11 May 2012

How to Use a Skip Bin Bag

Posted by bcsands

Before addressing the finer uses of a skip bin bag it is important to understand the difference between a skip bin bag and a skip bin.

The latter is a heavy metal bin that cannot be moved from its drop-off point, usually on the front verge or in the driveway of a property. It requires a large truck to come and take it away from exactly where it was dropped off. The biggest disadvantage of a skip bin is that you have to lug everything to it, lift your material over the top and throw it inside.

The skip bin bag, on the other hand, is a more versatile container, made of a recyclable, heavy duty material. It can be moved to the place it is needed and, if it’s not too heavy, to a place up to 3 metres away from the agreed collection point. It is much easier to fill because it is not as high as a bin and you can place it in a variety of locations convenient to you.


When is a Skip Bin Bag “Full”

Our skip bin bags are 900mm long by 900mm wide, with a deep 1200mm of space inside. Sometimes there is the temptation to over-fill it, especially with heavy material like sand or rocks.

It is important to remember that a skip bin bag needs to be lifted, and even though it’s being picked up by a machine, there are limitations on the cloth straps that need to be considered when filling. Therefore a skip bin bag is considered full when the contents weigh one tonne. This equates to:

  • Half full of bricks, pavers or large rocks
  • Three quarters full of sand or soil
  • Filled, but not overflowing with garden waste such as clippings and weeds


What Materials to Fill a Skip Bin Bag With – And the NoNo’s

There is large range of acceptable materials you are able to place in our skip bin bags. These include:

  • Most DIY and renovation waste (There are exceptions, see below)
  • Lawn and garden waste (No tree stumps as they tear the bag)
  • Sand and soil
  • Rocks and pavers
  • Small furniture items (They must fit in the bag completely)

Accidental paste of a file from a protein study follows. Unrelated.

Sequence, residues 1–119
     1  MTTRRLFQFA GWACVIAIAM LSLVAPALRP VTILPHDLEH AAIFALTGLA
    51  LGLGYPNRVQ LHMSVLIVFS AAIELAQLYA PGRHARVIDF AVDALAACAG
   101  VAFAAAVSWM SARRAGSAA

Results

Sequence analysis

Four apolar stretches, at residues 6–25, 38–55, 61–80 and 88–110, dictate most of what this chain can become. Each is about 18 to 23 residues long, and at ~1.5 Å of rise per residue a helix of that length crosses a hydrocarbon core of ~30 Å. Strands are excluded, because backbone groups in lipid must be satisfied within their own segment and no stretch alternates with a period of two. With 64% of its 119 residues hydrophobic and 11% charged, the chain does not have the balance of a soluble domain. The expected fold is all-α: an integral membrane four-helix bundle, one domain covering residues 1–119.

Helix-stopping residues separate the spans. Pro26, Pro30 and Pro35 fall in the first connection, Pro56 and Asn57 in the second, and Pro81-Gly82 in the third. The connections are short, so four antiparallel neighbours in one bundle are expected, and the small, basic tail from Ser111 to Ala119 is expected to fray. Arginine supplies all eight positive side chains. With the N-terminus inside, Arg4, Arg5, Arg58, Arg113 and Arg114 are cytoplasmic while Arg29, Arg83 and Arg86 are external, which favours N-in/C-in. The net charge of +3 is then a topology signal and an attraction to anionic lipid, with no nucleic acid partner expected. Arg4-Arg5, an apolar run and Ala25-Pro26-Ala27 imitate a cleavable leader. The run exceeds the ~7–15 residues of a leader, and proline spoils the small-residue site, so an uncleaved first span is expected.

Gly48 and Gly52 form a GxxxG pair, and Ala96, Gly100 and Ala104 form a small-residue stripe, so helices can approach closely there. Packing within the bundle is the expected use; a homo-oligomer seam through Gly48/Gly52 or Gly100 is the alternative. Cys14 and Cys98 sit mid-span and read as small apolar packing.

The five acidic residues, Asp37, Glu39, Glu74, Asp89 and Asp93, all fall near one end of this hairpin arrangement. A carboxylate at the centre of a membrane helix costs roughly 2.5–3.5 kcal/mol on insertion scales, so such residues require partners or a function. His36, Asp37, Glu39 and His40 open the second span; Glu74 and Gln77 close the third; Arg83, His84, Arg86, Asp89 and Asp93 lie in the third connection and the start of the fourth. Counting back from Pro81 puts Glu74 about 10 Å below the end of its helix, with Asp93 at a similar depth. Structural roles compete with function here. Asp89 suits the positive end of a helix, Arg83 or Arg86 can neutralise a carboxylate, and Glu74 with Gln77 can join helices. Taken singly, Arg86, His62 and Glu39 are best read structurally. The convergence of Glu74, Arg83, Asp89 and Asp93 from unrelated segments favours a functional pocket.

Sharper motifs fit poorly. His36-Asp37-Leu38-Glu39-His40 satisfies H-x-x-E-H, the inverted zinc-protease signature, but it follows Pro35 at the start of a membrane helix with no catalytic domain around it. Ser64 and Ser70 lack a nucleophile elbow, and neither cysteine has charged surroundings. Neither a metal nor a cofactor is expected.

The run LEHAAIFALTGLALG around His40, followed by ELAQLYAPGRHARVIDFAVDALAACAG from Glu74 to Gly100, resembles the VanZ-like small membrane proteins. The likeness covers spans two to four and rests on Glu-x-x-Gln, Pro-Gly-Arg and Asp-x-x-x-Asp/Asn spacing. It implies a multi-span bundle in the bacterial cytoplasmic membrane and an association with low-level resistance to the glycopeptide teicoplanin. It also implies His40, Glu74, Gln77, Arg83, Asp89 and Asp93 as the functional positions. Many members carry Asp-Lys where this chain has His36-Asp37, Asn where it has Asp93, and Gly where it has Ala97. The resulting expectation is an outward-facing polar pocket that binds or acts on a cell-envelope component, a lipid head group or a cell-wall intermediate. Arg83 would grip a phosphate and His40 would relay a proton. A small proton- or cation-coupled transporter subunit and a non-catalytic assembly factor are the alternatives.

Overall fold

• Household appliances
  • Carpets and mattresses (again, they must fit into the bag with no excess)
  • Cardboard, paper and other recyclable waste


As you can see, the list is fairly comprehensive. There are however, things we cannot accept in our skip bin bags. These are very definitely the following:-

  • NO SHARP EDGES – This means anything that will cut the bags during transport – glass and broken Perspex spring to mind.
  • NO LIQUID WASTE – this means no paint, oil, batteries or anything that will leak out or dissolve the bag.
  • NO EXPLOSIVES – this means no propane gas containers or any pressurised cans or anything that can explode when exposed to heat or other elements.
  • NO HAZARDOUS WASTE – This includes asbestos, fluorescent tubes, tyres, low energy light bulbs, batteries, poisons, chemicals or any other toxic waste
  • NO FOOD WASTE – this speaks for itself


It may occur to you to wonder what happens to all this stuff you’re filling BC Sands’ skip bin bags with, and you’ll be pleased to note that we recycle almost all of it.

So if you’re thinking of doing a little maintenance around your place, keep BC Sands’ skip bin bags in mind – they might prove more useful than you ever thought possible.



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3 Responses to “How to Use a Skip Bin Bag”

  1. Great post, you providing us good information…


    Skip bins for hire

  2. Thanks for sharing with us this beautiful and informative post…


    Skip bins for hire

  3. I know this post is quite old but you won’t believe how little information is there about using a skip bin bag properly. Would love to see more visuals/pics but definitely well-written!


    Allmetro Bins

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